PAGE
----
THE MARINE: A Novel of War from Guadalcanal to Korea
Straight-ahead prose tempered with wry humor distinguishes this latest war chronicle by Brady (The Marines of Autumn, etc.). Tracking Col. James "Oliver" Cromwell from college to retirement, the novel sometimes reads more like memoir than fiction, but marches smartly up to its dramatic high points. At Notre Dame, Cromwell learns to box well enough to go to the Berlin Olympics in 1936. In World War II, he joins Evans Carlson's famous Raiders and participates in the bold Makin Island Raid, vividly depicted as a near disaster. By 1950 he is a decorated lieutenant colonel, assigned as aide to Ambassador John Muccio in Seoul, South Korea, only days before the North Koreans storm south. Here the novel kicks into high gear, portraying one of the roughest patches in U.S. military history. Through the first summer of hostilities—"the gritty stand at Pusan, the tides at Inchon, the arrogance of demanding Seoul by a date definite"—Cromwell sticks by Muccio as his boss attempts to keep track of a South Korean government that is running away as fast as it can. MacArthur is shown as both a genius and a madman, backed by an army that must relearn the art of war. Through it all, Cromwell's steps are dogged by a former college classmate, Ben Sweet, a conceited war correspondent and novelist who becomes a kind of nagging alter ego. Brady weakens the novel's climax by letting Cromwell take a serious wound offstage, but this soldier's tale of key conflicts in two mid-century wars is a solid achievement. Agent, Jack Scovil. (June 3)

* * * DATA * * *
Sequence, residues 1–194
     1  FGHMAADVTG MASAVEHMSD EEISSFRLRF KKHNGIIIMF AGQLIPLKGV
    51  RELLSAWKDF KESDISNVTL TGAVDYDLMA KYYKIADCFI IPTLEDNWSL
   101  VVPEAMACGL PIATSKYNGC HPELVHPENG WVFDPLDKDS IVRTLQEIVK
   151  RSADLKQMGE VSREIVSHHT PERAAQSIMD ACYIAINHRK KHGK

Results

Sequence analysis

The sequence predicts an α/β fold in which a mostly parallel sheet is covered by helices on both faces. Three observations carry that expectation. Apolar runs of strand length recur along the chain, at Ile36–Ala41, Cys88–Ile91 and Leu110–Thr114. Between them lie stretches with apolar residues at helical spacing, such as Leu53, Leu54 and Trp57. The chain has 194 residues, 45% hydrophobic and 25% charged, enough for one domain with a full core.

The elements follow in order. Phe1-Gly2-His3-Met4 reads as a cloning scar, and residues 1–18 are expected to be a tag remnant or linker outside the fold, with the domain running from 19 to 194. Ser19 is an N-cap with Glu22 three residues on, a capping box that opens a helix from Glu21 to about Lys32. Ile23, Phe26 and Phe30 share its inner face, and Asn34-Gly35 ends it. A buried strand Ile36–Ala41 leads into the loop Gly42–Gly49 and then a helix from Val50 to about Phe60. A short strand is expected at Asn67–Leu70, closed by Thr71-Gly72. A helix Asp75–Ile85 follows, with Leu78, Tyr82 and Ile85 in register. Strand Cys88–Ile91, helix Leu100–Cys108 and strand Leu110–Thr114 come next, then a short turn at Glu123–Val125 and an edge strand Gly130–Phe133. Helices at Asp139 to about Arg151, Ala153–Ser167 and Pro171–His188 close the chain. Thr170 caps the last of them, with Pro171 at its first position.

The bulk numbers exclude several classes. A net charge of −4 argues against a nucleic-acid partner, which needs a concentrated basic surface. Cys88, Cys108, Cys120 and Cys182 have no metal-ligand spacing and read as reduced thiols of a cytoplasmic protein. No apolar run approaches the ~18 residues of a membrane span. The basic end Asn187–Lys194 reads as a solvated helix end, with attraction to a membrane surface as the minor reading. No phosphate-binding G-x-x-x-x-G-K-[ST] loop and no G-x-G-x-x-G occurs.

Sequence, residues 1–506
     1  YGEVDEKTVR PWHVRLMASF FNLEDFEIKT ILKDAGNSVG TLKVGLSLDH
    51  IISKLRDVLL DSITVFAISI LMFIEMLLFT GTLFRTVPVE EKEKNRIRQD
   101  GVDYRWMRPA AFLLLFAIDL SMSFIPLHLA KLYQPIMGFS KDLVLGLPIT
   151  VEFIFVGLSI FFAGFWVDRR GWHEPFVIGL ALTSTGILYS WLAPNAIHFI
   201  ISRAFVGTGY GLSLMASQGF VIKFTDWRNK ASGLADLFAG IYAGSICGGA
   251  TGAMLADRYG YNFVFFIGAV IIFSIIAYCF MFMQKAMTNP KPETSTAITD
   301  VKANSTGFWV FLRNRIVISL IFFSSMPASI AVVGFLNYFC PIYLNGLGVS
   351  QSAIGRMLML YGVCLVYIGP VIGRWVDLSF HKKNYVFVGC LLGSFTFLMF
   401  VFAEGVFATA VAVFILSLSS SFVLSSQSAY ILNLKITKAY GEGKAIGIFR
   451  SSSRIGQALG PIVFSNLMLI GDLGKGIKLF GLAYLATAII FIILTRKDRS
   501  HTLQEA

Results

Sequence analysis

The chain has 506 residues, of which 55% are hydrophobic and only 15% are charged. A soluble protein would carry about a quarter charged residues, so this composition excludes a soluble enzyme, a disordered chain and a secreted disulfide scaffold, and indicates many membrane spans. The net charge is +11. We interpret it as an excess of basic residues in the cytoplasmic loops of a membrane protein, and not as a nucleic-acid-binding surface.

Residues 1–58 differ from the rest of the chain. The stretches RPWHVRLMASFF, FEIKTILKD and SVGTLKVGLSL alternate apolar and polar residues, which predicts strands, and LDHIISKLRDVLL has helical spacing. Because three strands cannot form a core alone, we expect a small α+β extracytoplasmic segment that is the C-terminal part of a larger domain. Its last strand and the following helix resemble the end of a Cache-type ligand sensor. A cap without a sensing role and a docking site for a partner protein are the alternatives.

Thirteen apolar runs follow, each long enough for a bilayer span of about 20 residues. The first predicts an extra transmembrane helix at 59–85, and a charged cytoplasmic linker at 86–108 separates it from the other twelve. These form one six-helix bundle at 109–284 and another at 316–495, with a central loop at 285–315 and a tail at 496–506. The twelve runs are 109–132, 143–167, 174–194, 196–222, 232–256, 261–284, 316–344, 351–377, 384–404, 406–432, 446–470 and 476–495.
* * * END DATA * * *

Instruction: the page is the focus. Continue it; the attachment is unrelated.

Forecast:The split focus of this novel may make it a harder sell to new readers than The Marines of Autumn, but Brady's strong fan base will enjoy the wider perspective.
Release date: 06/01/2003